Palin’s ABC Interview: Flunking Foreign Policy

Republican  Vice Presidential candidate Sarah Palin gave her first unscripted interview yesterday to ABC’s Charlie Gibson. The major topic of questions was the Governor’s preparation for dealing with foreign and national security policy. Based on her public responses, she could scarcely have failed more miserably.

Palin’s responses were revealing in two ways. The first was that they displayed her virtually pristine lack of knowledge of foreign affairs and U.S.policy toward the world. She clearly has never heard of the Bush doctrine, which has been the guiding “principle” of U.S. policy since 2001 (she described it as Bush’s “worldview”: that would get you one or two points for a nice try on a ten-point scale in one of my classes). She blithely replied that the Russian invasion was totally unprovoked. Whether it as justified is one thing; that the Georgians did nothing to provoke the Russians is simply not true. She came out in favor on Georgian and Ukrainian membership in NATO, including acceptance of the commitment to defend them militarily if they were made members. She accepted the prospect of war with Russia arising from these acts as essentially no big deal. And here most of us thought the purpose of the Cold War was to avoid just that outcome.

In some ways, the more frghtening aspect of her performance was its embrace of neo-conservative doctrine about the world. This was particularly obvious in her bellicose remarks about encircling Russia with NATO and closely reflects similar attitudes expressed by John McCain. Most Americans have repudiated the neo-conservative creed which, among other things, provided the rationale for Iraq, raised the utopian goal of global democratization to a central place in U.S. policy, and has militarized much of America’s stance in the world. With the possible exception of the Likud faction in Israel, no one outside the United States endorses this world view. Four more years?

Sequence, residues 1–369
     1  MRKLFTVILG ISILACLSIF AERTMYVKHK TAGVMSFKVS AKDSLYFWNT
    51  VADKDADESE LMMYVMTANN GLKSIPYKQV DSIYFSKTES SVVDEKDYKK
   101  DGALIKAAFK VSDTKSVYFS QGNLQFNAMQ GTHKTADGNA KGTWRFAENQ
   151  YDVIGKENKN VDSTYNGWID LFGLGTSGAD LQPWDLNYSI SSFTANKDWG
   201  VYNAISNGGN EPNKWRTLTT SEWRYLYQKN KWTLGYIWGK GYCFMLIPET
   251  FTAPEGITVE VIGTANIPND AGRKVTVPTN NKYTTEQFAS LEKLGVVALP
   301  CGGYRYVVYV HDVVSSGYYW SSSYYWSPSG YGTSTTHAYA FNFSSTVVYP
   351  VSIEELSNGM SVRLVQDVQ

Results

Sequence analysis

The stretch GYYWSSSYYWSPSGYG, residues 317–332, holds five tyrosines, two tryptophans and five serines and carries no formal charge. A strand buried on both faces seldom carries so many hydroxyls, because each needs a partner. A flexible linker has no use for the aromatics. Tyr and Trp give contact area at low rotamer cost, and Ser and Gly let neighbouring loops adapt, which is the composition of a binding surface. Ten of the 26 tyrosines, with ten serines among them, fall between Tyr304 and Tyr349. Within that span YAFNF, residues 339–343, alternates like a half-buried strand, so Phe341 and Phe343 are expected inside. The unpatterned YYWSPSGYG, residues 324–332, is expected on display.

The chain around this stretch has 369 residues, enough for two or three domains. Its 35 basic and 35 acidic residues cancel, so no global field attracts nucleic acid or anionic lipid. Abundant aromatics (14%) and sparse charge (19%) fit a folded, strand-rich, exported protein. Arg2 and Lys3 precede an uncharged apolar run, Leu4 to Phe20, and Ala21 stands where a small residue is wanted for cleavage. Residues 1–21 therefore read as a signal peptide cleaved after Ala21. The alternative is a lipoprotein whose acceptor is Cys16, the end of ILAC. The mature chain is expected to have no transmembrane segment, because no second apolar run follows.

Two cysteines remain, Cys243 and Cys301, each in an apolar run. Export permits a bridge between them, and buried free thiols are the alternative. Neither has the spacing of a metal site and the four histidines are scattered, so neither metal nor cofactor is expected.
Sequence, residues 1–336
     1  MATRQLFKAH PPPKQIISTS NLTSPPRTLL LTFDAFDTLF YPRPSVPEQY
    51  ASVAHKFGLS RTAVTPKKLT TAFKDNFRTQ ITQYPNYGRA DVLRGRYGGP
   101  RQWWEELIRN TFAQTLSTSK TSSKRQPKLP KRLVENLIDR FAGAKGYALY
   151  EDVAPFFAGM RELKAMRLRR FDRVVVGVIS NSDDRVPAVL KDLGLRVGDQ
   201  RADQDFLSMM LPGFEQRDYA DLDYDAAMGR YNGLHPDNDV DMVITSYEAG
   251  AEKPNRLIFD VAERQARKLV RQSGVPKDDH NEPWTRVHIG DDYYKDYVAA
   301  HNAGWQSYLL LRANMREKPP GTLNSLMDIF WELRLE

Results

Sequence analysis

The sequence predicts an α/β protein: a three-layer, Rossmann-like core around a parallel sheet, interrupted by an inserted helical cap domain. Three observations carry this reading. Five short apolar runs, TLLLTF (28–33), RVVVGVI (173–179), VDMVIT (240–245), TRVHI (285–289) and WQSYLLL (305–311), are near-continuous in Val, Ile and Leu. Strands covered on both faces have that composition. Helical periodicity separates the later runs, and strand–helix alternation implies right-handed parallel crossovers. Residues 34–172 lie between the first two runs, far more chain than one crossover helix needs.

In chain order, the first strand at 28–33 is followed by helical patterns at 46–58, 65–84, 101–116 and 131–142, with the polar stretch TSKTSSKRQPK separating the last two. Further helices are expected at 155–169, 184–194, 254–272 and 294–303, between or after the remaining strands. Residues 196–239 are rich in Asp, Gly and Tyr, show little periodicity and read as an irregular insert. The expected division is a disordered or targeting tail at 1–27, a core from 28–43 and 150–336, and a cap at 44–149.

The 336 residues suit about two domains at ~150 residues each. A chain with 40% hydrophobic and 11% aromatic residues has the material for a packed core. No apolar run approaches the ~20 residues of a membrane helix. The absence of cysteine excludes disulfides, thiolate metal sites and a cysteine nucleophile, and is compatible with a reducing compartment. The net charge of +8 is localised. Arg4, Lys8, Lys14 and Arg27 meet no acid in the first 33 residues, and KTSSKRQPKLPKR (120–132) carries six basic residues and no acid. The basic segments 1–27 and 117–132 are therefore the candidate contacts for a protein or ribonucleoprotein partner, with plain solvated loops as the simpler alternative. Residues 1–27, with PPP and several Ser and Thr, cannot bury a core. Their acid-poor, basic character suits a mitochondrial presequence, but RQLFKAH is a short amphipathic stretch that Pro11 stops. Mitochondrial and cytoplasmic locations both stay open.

Demonstrating that the election campaign is about electing politicians and not debating public policy, the GOP has gone on the counteroffensive. Palin is qualified as commander-in-cchief because she commands the Alaska National Guard (although not when it is engaged in military operations), can see Russian soil from one of the Alaskan islands, has traveled overseas once, and knows something about energy policy (extrapolated to energy security). Joe Biden, on the other hand, has the skinny resume of being chair of the Senate Foreign Relations Committee. Quite a comparison.

One may choose to vote for McCain-Palin for a variety of reasons, but please do not insult our intelligence by saying that preparation for the role of head of state and commander-in-chief is among them, at least not in the case of Sarah Palin. She must not have taken a course in American Foreign Policy while she was getting her political science degree from the University of Idaho, or if she did, she must not have passed it.


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